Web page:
Cobscook Bay - A Researcher's Dream
(Published in the Quoddy Tides, January 14, 2000)
This begins a series of columns focused on Cobscook Bay's marine system. Its simple purpose is to share information, so that all who use and care about the Bay will have the benefit of that information to use in their own decision-making.
Though the marine world remains largely a mystery to humans, recent scientific research is helping us get a better picture of how Cobscook and its component parts fit together as a system. This column will seek to highlight some of that research and share what the scientists are learning.
The Quoddy region has long attracted scientists interested in what was going on in the sea. There are, for example, over 600 documents, studies and reports listed in a bibliography of information relevant to the Cobscook marine ecosystem that was published and distributed to area libraries by the Nature Conservancy in 1997.
The scientific research noted in the bibliography was largely motivated by practical concerns. In 1871, for example, the US Congress ordered the appointment of a Commissioner of Fish and Fisheries to investigate "a diminution in the number of food-fishes" in the eastern U.S. The newly appointed commissioner chose Eastport as the headquarters of the second year of this research, which marked the first serious scientific investigation in the Cobscook area. Later, various development proposals generated waves of research activity, including the Passamaquoddy Tidal Power project, the Pittston oil refinery project and large scale salmon aquaculture.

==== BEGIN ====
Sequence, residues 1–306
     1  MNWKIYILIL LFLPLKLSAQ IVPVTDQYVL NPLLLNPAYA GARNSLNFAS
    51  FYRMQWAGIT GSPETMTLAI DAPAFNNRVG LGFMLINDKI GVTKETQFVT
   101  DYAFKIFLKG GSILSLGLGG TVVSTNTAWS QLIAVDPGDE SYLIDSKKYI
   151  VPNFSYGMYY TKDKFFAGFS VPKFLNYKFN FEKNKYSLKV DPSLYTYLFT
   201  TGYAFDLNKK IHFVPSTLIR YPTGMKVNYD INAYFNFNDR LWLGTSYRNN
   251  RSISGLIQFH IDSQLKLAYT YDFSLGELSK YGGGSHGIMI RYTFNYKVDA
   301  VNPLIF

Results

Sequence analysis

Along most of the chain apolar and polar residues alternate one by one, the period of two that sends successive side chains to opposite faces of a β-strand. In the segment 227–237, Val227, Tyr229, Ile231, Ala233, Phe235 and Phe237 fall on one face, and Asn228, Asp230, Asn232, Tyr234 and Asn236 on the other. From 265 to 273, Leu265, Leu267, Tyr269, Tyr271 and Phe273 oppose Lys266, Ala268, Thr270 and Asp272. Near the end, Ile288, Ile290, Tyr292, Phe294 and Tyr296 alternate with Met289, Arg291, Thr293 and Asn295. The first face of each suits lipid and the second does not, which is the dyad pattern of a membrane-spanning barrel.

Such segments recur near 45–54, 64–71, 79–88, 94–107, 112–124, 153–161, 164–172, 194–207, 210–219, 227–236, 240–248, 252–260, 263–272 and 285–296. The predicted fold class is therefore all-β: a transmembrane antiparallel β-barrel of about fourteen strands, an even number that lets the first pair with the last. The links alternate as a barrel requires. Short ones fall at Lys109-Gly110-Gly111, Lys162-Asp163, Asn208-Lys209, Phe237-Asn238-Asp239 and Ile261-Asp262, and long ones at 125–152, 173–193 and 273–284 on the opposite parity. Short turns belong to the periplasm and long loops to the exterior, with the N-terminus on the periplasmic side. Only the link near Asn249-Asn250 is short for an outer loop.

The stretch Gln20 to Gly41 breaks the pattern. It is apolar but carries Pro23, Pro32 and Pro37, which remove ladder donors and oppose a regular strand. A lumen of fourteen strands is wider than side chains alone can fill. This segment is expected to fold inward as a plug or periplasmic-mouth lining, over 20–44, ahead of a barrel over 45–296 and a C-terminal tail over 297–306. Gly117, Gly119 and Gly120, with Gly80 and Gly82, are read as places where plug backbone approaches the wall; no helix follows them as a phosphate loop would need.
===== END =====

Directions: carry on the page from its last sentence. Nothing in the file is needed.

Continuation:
A variety of more recent scientific research initiatives have continued this tradition but with a primary focus on Cobscook Bay itself. These include
- a study of the circulation patterns by a native of Eastport that is of direct relevance to those interested in oil spill preparedness, the siting of aquaculture pens and scallop enhancement
- a long term investigation of green crabs and periwinkles by a Cornell University researcher who summers in Pembroke.
- a study of the Bay's nutrient sources by a researcher at the Bigelow Laboratory of Ocean Sciences
- a study of rockweed and kelp growth in the bay by a University of Maine researcher
- a variety of research projects by a University of Maine at Machias professor on the soft shell clam
- a project by a state marine geologist to map the types of sediments found beneath the waters of Cobscook
These research projects and others will be highlighted in the months ahead. Please let us know what you think.
Return to Cobscook Bay Resource Center homepage.